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The spectrum amongst O'ists seems to run left to right like this: the Kellyite/Soloite/Sciabarraite quasi-libertarians (and lets put aside right now if they should even be called O'ists) on one side (left) and the Peikoff/Binswanger/Schwartz contingent on the other (right). I would say the Speichers reflect the perfect balance amongst Objectivists, so I'll put them in the middle.

Thanks for what I think is a compliment, but I cannot agree with your classification.

I don't consider those in your "Left" to be Objectivists at all so they are not on "my" side. As for the rest, there are some issues where Harry Binswanger, Peter Schwartz, and Leonard Peikoff have disagreed with each other. Sometimes my own assessment of the facts places me with Binswanger and Schwartz but not Peikoff and at other times I have sided with Binswanger but not Schwartz and Peikoff. Who is on who's side varies issue to issue without a clear or consistent pattern.

When it comes to choosing up sides, I tend to be a consistent extremist. I always want to be on the side of reality. In the long run, it is the winning side. Of course, so do Binswanger, Schwartz, and Peikoff, so things can get rather interesting at times.

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But on a gut feeling level, I do feel that his assessment about religion in America is off. And I also feel that the far greater danger today is from the socialist left not the religous right.

So do I. It isn't the first time I have disagreed with Dr. P. and it probably won't be the last.

There is no man in the Objectivist movement who has been so denounced as he has. It must be tough to be such a target. But I can't help feel that he is 'off' somehow. That's the best I can explain it.

If you think he is wrong, identify and evaluate the facts that lead to that conclusion and act on the facts as you see them proudly, courageously, and confidently. WHAT's right is much more important that WHO's right.

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I have listened to Dr. Peikoff's statement twice, as well as spoken to a few Objectivists about the situation. I have also been following the very valuable postings here.

While I don't yet have a conclusive view on the matter, my leaning is towards Dr. Peikoff's position, for the following reasons.

1) In the history of human civilization, when thisworldly statism (Communism, Socialism, Irreligious monarchy, etc.) has been effected, it has yielded terrible polities. Yet, these polities have still been (marginally) worth writing home about. The Greek city-states; Rome under the Stoics; present-day European socialism; Soviet Communism; the Arab Golden Age. All these were born of thiswordly mysticism and, because of their limited recognition of reason, still had some respect for science and technology. That is to say, man's mind still had some breathing room under these regimes.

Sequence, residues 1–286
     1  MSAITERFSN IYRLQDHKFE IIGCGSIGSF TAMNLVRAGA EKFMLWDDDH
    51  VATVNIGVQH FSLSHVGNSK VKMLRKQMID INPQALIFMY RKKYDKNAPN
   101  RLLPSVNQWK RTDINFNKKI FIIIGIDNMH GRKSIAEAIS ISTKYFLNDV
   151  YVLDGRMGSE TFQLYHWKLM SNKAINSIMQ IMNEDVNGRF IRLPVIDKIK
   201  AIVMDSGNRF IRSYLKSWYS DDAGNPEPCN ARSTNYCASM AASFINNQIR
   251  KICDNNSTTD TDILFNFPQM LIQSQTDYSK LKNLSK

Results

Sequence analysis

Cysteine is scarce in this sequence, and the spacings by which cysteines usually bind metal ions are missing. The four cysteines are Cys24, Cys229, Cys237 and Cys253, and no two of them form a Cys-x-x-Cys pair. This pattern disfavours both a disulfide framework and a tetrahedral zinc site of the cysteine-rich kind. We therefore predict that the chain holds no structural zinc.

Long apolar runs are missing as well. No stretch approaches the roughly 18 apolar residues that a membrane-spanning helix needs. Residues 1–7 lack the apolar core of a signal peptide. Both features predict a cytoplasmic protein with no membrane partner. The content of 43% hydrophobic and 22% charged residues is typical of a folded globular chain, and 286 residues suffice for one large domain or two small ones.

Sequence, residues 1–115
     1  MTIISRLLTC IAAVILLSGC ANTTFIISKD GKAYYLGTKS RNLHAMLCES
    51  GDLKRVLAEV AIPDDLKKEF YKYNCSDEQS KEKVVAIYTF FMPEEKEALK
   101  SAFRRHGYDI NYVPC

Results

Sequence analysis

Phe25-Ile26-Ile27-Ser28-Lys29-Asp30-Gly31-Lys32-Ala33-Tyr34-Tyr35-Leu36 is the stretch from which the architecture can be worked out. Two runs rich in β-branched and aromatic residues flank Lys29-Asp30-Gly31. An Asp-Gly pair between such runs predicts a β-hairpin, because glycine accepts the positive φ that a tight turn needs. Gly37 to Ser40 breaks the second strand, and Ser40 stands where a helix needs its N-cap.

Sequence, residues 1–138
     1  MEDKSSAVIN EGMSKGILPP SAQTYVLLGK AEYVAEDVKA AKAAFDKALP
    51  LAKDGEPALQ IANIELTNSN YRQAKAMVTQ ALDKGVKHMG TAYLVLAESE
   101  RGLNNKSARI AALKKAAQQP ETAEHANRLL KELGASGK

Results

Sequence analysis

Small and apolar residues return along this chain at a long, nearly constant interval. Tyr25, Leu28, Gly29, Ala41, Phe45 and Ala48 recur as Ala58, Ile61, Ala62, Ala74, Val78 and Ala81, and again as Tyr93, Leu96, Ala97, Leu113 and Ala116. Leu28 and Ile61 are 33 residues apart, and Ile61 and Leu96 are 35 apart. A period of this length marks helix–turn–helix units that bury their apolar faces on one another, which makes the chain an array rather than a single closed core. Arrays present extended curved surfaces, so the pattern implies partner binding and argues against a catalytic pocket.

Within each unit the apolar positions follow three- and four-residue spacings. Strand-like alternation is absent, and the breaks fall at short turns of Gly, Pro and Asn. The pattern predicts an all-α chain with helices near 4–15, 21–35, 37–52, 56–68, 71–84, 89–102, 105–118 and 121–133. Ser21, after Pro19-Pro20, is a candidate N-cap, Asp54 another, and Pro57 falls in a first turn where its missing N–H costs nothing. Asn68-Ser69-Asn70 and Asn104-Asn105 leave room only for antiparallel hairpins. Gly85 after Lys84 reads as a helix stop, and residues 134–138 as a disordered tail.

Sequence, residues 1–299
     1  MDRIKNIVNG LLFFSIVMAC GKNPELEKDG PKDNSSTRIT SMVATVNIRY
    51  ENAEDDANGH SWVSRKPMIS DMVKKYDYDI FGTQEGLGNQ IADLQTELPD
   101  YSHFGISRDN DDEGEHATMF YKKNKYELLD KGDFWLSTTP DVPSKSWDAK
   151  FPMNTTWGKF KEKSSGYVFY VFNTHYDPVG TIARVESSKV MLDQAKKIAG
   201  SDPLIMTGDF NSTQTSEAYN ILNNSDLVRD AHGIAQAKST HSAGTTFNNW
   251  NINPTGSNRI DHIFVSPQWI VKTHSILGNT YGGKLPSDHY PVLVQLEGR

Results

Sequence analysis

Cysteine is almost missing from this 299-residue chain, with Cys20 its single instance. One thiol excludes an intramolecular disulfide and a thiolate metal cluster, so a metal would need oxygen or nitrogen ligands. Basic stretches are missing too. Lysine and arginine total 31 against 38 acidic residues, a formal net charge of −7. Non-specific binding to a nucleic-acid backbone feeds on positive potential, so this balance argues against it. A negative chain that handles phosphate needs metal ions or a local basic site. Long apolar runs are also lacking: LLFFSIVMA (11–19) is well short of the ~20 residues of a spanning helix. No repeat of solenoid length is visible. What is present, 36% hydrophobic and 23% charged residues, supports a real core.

However, when the civilized West has turned to God (the Dark and Early Middle Ages), there has been nothing. Observe also today's world. It is no coincidence that much of Africa and the Middle East is home to the most godly cultures on earth. Superstition reigns supreme in the most barbaric societies.

To sum, secular statism will slow us down if it wins. But otherwordly statism will destroy us. Secular statism leaves some room for an Aristotle, Averroes, or Sakharov. The fight against theocracy requires the meteoric talents of an Aquinas. To expect one to rise out of the ashes is wishful thinking indeed.

2) In examining a much narrower context, one finds the conservatives more guilty of betraying America than one might like to think.

Yes, conservative US governments have taken up arms more readily in the last 50 years than liberal governments have (think Iraq, Afghanistan, Kuwait, Cambodia, and sundry South American nations). However, these conservatives have also strengthened the hands of the religious enemies of America. Reagan provided training and weaponry to Iran and Afghanistan. (In fact, I have heard that the helicopter crashes we heard about constantly during the recent wars owed to Stinger missiles that Reagan had bequeathed to the Taliban and their ilk.) And, they seem much closer, in terms of personal relationships, to the "oil regimes" of Saudi Arabia, Kuwait, and so on.

Have the liberals been better? No. They even come off as more ineffectual. But, Clinton did not - at least not to my knowledge - give arms to Iran. He and his type won't try to root out terrorism, but they won't actively aid it.

Which is why one is scared about Bush's actions in the Middle East. By attacking a secular nation, has he opened the door for another attack somehow - somewhere???? Has he pulled a Reagan ? :P

3) Peikoff's been right before: About Clinton, he was right: Clinton cut welfare rolls and at least, America - and the world - got a good glimpse of what "full employment" would be like. A precedent was set: whoever wants to govern this country must remember that 'It's the economy, stupid." Okay, I grant that some of that owed to the Republican gridlock in Congress. Still, it did happen. A is A.